by smf for 4LAKids | updated 1/19 see note following*
Rumor (and press reports) have it that the Boston Consulting Group was the principal author and driving force behind the recent School Report Card and BCG seemingly has a blanket consulting, planning and implementation contract with LAUSD on day-to-day operation of the District - having also had a role in the Superintendent’s 100 Day Plan. This BCG contract is reportedly funded at no cost to the District by the Bill & Melinda Gates Foundation and the Michael & Susan Dell Foundation* – which makes BCG an outside consultant, once or twice removed – with dubious public accountability.
* CBS news adds The California Community Foundation
From the Official Story: "The Gates and Dell Foundations invested heavily in the district and funded the development of the Report Card. The Boston Consulting Group (BCG) also provided pro-bono contribution to the effort."
More: “The development of the Report Card began in iDesign at the start of this year. Mr. Cortines first heard about this work as Deputy Mayor, and was able to implement this reform effort district wide when he came to LAUSD as Senior Deputy Superintendent.”
The above misstates the history. The School Report Card had at least part of its genesis in the LAUSD A-G Working Group about two years ago. “(T)he start of this year” refers to 2008; iDesign didn’t exist at that time. iDesign and its progenitor iDivsion is a subset of LAUSD created to administer non-traditional programs, such as The Mayor’s Partnership Schools, The LMU Partnership, etc.
MSNBC gets it closer to right when they report: “These reports were originally developed through collaboration between the LAUSD and Mayor Antonio Villaraigosa's Partnership for LA Schools.”
Searches of the Dell and Gates Foundations websites for grants to Los Angeles, LAUSD, Los Angeles Unified School District or Boston Consulting Group show no evidence of this investment “in the district”.
More from the Official Story: Q: Doesn’t the school score reflect poorly on the school, Principal and teachers?
No. The school score holds schools accountable for their performance and progress by identifying strengths and areas for improvement. The school score will help teachers, Principals, Local District staff, Central District staff , parents and students work together to determine ways individual schools can improve their performance to better meet the needs of students.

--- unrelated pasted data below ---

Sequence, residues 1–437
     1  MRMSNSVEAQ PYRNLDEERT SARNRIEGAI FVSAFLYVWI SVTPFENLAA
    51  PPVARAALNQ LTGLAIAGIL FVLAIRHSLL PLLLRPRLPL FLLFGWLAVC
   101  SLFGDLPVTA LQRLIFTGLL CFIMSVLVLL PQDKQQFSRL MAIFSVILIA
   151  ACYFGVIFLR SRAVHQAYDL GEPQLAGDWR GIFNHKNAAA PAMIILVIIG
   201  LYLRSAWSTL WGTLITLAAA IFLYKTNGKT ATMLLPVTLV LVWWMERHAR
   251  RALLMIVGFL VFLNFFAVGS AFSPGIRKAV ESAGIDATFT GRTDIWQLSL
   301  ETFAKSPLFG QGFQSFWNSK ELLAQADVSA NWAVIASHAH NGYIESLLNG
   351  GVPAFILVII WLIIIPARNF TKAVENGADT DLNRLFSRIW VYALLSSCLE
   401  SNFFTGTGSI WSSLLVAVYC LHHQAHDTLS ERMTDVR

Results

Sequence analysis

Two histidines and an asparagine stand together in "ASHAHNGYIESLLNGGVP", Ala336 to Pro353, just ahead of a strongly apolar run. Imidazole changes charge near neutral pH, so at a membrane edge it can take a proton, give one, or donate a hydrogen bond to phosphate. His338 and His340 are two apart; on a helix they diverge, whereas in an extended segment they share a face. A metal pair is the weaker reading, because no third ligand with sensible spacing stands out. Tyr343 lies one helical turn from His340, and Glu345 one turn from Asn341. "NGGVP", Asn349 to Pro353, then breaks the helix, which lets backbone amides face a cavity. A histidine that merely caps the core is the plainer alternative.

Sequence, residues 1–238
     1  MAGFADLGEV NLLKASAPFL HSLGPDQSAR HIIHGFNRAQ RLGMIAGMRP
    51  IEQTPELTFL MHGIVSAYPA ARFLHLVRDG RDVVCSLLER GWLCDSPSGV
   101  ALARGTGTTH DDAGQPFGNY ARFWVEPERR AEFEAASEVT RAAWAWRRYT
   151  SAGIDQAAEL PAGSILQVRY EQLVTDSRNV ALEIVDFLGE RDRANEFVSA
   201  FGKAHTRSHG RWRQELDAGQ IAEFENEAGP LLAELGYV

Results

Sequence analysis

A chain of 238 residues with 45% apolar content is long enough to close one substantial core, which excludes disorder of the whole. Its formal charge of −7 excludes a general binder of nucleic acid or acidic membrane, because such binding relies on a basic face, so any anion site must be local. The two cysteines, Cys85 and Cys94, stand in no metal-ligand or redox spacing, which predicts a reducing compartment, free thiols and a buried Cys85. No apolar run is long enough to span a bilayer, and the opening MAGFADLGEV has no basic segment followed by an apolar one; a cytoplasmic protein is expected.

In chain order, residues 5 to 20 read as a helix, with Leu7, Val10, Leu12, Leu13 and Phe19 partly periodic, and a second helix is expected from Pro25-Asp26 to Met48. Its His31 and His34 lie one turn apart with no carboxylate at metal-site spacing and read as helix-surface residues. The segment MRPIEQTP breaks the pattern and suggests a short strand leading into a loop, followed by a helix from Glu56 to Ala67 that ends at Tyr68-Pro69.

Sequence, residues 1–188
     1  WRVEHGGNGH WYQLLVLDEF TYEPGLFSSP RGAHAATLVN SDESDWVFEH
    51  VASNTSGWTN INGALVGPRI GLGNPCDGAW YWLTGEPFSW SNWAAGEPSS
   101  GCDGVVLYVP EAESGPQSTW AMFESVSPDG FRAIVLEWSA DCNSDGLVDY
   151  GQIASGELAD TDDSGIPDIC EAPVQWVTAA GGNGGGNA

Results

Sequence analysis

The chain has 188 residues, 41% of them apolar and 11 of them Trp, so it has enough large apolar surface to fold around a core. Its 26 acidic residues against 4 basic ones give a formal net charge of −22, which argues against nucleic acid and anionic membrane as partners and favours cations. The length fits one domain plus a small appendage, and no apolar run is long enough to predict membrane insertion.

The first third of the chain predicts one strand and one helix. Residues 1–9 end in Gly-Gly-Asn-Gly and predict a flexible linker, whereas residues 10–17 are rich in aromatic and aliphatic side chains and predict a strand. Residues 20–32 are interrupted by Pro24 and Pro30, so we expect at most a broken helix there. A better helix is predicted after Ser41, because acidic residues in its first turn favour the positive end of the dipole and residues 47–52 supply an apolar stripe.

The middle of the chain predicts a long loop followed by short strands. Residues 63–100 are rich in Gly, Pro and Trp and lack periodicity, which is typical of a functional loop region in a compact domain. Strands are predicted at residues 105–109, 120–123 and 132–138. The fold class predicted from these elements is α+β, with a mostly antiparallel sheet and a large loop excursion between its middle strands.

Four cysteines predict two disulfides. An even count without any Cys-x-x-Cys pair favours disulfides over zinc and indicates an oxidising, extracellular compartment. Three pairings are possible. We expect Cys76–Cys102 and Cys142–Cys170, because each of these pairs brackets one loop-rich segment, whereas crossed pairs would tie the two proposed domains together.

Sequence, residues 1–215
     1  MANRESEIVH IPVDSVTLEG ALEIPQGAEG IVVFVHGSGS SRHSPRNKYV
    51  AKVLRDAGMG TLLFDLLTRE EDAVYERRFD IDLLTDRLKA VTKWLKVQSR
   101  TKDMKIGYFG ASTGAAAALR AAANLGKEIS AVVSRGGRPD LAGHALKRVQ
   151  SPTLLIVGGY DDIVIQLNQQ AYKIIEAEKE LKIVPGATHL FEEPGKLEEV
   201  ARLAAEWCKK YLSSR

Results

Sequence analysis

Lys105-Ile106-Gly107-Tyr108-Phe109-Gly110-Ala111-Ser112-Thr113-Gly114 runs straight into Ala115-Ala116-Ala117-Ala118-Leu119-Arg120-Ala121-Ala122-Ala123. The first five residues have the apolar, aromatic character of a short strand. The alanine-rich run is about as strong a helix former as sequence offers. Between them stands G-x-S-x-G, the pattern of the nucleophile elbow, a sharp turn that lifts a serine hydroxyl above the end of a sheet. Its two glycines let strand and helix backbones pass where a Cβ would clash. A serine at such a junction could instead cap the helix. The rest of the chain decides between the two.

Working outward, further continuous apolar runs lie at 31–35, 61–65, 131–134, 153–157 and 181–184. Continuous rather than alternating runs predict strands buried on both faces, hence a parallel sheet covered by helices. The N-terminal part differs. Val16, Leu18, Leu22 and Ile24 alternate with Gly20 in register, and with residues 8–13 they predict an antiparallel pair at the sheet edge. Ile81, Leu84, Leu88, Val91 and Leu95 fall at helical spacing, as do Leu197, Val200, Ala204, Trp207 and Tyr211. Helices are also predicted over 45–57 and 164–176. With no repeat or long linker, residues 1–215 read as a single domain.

Q: Won't the report card be used to point fingers at Principals? None of the metrics in here relate to Principal performance.
The Report Card is focused on student outcomes and leading indicators of student academic performance. There are also qualitative metrics about teaching, leadership, school culture, safety and parent/ student satisfaction.
These metrics are about joint accountability for student outcomes and progress and will be collaboratively developed by Central staff, Local District staff, school administrators, teachers, parents and students. We are measuring progress over time with the Report Card, not pointing a finger at any one particular group.
Mayor Villaraigosa, at the press conference unveiling the School Report Card, asked what would happen if schools don’t improve, said the cards “could ultimately lead to reorganizing schools. (It) means we have to change the leadership, the teachers, everybody," he said. Who “we” is is worrisome; the mayor is constitutionally precluded from this sort of decision making; the case law is LAUSD v. Villaraigosa.
Not to be a conspiracy theorist – but sometimes there are conspiracies: Remember the words of the shadowy man in the parking garage: “Follow the money.”
Remember also that the consulting contract did not pay the $700,000 to $1 million it cost to distribute the School Report Card.
- If that was money well spent and valuable information parents want-and-need (the “qualitative metrics”) was effectively shared that’s a good thing;
- But if it was an ineffective ‘data download’ — misinterpreted and/or mis-or-over understood by parents and leveraged by critics in agreement with the pro-charter/privatization-of-public-education/mayoral control agenda of the sponsors of BCG it is not.
- Q: At a recent District meeting with parents I was asked why the information wasn't posted on the web?
- A: It was and many parents don’t have web access.
- Q: …and why it wasn’t simply sent home with children?
- A: Backpack mail doesn’t work in Secondary school …though I’m not sure how effective direct mail/’junk mail’ is either.
At that same District meeting Superintendent Cortines promised full public accountability and disclosure as to the cost, effectiveness and results of all District consultant contracts. The BCG contract – because it is technically free to the district it may be outside this oversight – all the more reason why disclosure and accountability is merited. No cost at what cost?
Has LAUSD held off a takeover by the Mayor only to have takeover accomplished through other means?
The Official story: The LAUSD FAQ/Factsheet on the Report Cards
From Wikipedia, the free encyclopedia
Hans-Paul Bürkner, President & CEO
US$ 2.3 billion (2007)
The Boston Consulting Group is a global management consulting firm and a leading advisor on business strategy. BCG partners with clients in all sectors and regions to identify their highest-value opportunities, address their most critical challenges, and transform their businesses.
BCG believes it differs from competition by its customized approach that combines deep insight into the dynamics of companies and markets with close collaboration at all levels of the client organization. The Group is a private company with 66 offices in 38 countries.